Redbridge Council will leave ‘no stone unturned’ to save further £34m by 2018
- Credit: photo: Arnaud Stephenson
The leader of Redbridge Council said the authority will “feel the pain” of residents as it agreed proposals to cut £36million from its budget.
Cllr Jas Athwal said the council “must face facts” about its financial situation – with the authority still needing to cut a further £34m by 2018 to tackle a £70m shortfall.
His comments came after the cabinet agreed the initial plans on Monday, which include closing three libraries, reducing the opening hours of children’s centres and putting more services online.
He said: “Whatever pain the residents feel, we as residents too, feel that pain.
“We must face facts. We will do whatever it takes.
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“I can’t leave any stone unturned.”
The Labour leader admitted up to 200 full-time posts could be axed by the end of the year – but could not confirm how much would have to be paid out in redundancy packages.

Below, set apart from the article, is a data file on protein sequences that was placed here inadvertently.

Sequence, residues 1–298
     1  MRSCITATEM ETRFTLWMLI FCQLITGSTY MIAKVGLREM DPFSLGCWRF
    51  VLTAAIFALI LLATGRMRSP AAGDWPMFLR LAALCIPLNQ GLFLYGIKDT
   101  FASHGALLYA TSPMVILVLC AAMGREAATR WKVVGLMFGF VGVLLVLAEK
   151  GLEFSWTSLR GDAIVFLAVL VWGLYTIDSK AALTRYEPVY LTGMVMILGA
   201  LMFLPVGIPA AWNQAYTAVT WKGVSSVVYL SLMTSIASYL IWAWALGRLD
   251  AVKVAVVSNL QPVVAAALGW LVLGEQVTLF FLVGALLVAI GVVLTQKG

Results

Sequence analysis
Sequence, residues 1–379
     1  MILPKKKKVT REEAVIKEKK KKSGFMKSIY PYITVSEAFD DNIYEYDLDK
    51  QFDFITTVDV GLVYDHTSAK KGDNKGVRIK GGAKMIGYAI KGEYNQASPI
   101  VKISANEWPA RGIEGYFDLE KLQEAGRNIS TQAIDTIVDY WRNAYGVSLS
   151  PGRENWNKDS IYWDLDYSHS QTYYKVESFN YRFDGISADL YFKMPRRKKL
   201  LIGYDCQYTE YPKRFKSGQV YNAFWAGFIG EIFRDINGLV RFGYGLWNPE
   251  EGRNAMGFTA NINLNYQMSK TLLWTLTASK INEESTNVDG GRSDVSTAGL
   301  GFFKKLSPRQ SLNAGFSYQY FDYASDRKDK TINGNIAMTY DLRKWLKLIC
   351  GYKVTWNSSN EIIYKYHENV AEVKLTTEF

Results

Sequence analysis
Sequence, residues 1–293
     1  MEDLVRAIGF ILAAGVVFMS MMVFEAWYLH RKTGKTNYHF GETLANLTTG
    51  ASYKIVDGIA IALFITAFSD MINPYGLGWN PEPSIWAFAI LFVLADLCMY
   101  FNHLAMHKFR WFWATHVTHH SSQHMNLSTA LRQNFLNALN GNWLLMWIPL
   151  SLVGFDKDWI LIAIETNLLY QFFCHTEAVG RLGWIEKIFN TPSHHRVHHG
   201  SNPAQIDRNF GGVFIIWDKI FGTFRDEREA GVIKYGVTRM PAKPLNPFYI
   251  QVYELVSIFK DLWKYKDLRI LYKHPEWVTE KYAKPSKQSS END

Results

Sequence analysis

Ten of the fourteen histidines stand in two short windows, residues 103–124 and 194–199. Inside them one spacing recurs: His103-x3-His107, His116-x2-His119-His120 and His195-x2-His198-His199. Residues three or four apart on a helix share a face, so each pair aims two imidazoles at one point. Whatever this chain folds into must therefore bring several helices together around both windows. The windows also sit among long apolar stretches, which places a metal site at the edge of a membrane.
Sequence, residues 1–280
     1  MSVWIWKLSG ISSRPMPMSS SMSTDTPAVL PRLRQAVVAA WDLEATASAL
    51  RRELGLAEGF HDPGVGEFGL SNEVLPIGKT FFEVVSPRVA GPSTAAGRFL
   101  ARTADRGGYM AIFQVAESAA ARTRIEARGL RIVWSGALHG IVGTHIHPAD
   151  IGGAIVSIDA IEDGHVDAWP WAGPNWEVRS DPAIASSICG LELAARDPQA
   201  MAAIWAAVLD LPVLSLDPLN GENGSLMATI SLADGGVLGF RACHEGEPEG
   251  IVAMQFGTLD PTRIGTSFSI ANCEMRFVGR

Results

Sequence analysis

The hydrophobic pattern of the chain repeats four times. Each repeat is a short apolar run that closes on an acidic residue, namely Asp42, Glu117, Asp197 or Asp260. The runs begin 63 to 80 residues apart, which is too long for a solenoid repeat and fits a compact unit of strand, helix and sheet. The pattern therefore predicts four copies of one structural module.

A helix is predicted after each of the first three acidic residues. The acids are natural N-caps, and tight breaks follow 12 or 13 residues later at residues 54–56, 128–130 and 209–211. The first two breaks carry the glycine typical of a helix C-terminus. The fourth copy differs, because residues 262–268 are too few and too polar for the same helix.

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The council has also revealed proposals to cut three of its chief officer posts and freeze recruitment, saving £5m, which will go before full council tonight (Thursday).
That would all save £36m but, while the council has vowed to protect frontline services such as street sweeping, refuse collection, street lighting, fly-tipping, enforcement and public toilets, it must still find more savings to balance the books by 2018.
Cllr Athwal said the remaining £34m was a “moving target”, with the borough’s population expected to rise by another 22,000 in the next three years.
“We need to look at our methods of delivering these services,” he said. “I don’t think any council has got all the answers.”
Initial proposals published last week included closing three smaller libraries and reducing the borough’s 17 full-time children’s centres to eight, with the others becoming part-time “hubs”.
Cllr Kam Rai, cabinet member for finance and resources, said the proposals were “changing the way we operate these services”.
He said the authority was increasing spending in some areas, with £2.3m going to protecting vulnerable children and £2.59m into adult care.